Empire Transp. Co. v. Philadelphia & R. Coal & Iron Co.

Nos. 43 and 44 | D. Minnesota | Oct 21, 1895

NELSON, District Judge

(after stating the tacts). When the bill of lading mentions nothing about demurrage, the acceptance of the cargo is evidence of an agreement by the consignees to pay demur-rage, as well as the freight; and when it specifies no particular time to be allowed the consignee for discharging the cargo, and no lay days are mentioned, the unloading must be done with reasonable diligence on the arrival of the vessel, according to the custom of the port, or damages can be recovered for detention of the vessel against the consignee. Liability for demurrage does not; exist in the absence of an express contract, unless such demurrage is caused by the negligence or fault of the consignee. The consignee is entitled to a reasonable time to unload, taking into consideration the custom of the port and all surrounding circumstances; and what is a reasonable time depends on such surrounding facts and circumstances. Any improper detention of the vessel is demurrage, and liability for the same is only a reward to the vessel in compensation for the earnings she is improperly caused to lose. Where the consignee, as in this case, is the freighter and owner of the cargo, there can be no doubt of his liability for unnecessary detention of the vessel in unloading. Sprague v. West, Abb. Adm. 518, Fed. Cas. No. 13,255; Holt, Shipp. pt. 8, c. 1, § 25.

Certain facts stand out and cannot be disputed. The consignee, on the arrival of the vessel at the dock, proceeded to unload her cargo with all reasonable dispatch, when, without warning and without fault of the consignee, the men in a body, on the (ith of July, refused to work. An ultimatum was then presented by the strikers to the effect that unless 50 instead of 40 cents per hour was paid, and unless an agreement to pay that rate for a year was enterad into by all the dock owners in the two ports, they would not resume work. Not only did they not work, but by threats and intimidation they stopped those who were willing to do so. It was not a mere question of paying 50 cents an hour for unloading this boat, for this demand was coupled with another that these rates should be kept up for a year, and that every dock owner in Superior and Duluth should become a party to the contract before any boat would be unloaded. On these demands being refused, threats, intimidation, and coercion were resorted to by the strikers, in face of the fact that plenty of men were willing and anxious to work at the old rate. Under these circumstances, it cannot be said that the claimant was bound to accede to the unjust and unreasonable demands of *270the strikers, and bind itself to pay for a whole year wages largely in excess of the going rates. There is no doubt but that sufficient men could have been .procured to unload the boat but for these threats and intimidations. I think that the defendant used reasonable and proper diligence to unload the boat, under all the circumstances of the case, and that the libelant cannot recover for the detention that occurred.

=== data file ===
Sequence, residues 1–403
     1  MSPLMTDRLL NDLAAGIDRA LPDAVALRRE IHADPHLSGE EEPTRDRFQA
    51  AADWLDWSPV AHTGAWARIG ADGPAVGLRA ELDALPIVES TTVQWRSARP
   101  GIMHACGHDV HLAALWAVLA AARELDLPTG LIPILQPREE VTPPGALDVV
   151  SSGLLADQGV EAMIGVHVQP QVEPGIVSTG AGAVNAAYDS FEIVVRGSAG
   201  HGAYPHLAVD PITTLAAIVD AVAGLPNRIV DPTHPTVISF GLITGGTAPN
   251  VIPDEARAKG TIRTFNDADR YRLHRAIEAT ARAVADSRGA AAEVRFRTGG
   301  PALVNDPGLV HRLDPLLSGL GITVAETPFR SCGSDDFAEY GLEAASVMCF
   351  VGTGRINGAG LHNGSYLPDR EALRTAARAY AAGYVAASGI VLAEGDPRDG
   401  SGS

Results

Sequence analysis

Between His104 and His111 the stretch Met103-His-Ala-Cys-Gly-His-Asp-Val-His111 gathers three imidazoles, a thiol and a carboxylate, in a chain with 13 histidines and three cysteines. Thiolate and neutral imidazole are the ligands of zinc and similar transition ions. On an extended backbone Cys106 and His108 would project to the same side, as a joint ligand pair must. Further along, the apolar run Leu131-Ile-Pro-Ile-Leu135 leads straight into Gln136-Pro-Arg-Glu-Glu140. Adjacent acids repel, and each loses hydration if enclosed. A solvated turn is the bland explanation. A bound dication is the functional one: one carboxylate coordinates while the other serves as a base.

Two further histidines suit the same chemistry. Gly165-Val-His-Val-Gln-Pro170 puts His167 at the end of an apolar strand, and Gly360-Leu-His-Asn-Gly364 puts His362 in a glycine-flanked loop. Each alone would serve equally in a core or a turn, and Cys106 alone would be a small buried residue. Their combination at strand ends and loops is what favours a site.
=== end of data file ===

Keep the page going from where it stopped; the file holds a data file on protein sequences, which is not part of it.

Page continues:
The case of Brown v. Certain Tons of Coal, 34 F. 913" court="W.D. Mich." date_filed="1888-05-04" href="https://app.midpage.ai/document/brown-v-certain-tons-of-coal-8126628?utm_source=webapp" opinion_id="8126628">34 Fed. 913, strenuously relied upon, is perhaps the strongest case cited by libelants. In that case the company was paying 40 cents, and the men demanded 50 cents, an hour, and would have gone to work had they been paid the latter amount. The court said:

“He [the consignee] higgled oyer a little difference of ten cents an hour to these employes, and permitted the vessel to lie there until he could coerce the employés to accept forty instead of fifty cents, thereby attempting to save himself a mere pittance, while subjecting others to serious loss and damages.”

Here the evidence shows a very different state of affairs, which it is not necessary to recapitulate.

A decree must be entered for the defendant, with costs.

The facts in the case of the steamer Gratwick No. 2 being the same as in this case, a decree for defendant, with costs, will also be entered therein.